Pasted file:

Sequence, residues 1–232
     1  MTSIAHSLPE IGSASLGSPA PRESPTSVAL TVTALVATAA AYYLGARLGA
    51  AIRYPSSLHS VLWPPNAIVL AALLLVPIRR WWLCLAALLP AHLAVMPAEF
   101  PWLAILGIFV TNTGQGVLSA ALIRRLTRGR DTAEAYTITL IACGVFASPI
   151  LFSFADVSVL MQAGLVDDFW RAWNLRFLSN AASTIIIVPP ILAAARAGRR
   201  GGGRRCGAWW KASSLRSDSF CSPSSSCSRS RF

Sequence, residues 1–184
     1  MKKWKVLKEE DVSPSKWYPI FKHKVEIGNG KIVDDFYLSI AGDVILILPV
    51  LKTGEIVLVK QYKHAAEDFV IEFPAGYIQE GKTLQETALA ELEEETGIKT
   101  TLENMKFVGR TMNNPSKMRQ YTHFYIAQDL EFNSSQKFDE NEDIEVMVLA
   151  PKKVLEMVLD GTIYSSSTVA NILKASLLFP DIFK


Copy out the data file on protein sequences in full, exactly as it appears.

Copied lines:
Sequence, residues 1–232
     1  MTSIAHSLPE IGSASLGSPA PRESPTSVAL TVTALVATAA AYYLGARLGA
    51  AIRYPSSLHS VLWPPNAIVL AALLLVPIRR WWLCLAALLP AHLAVMPAEF
   101  PWLAILGIFV TNTGQGVLSA ALIRRLTRGR DTAEAYTITL IACGVFASPI
   151  LFSFADVSVL MQAGLVDDFW RAWNLRFLSN AASTIIIVPP ILAAARAGRR
   201  GGGRRCGAWW KASSLRSDSF CSPSSSCSRS RF

Sequence, residues 1–184
     1  MKKWKVLKEE DVSPSKWYPI FKHKVEIGNG KIVDDFYLSI AGDVILILPV
    51  LKTGEIVLVK QYKHAAEDFV IEFPAGYIQE GKTLQETALA ELEEETGIKT
   101  TLENMKFVGR TMNNPSKMRQ YTHFYIAQDL EFNSSQKFDE NEDIEVMVLA
   151  PKKVLEMVLD GTIYSSSTVA NILKASLLFP DIFK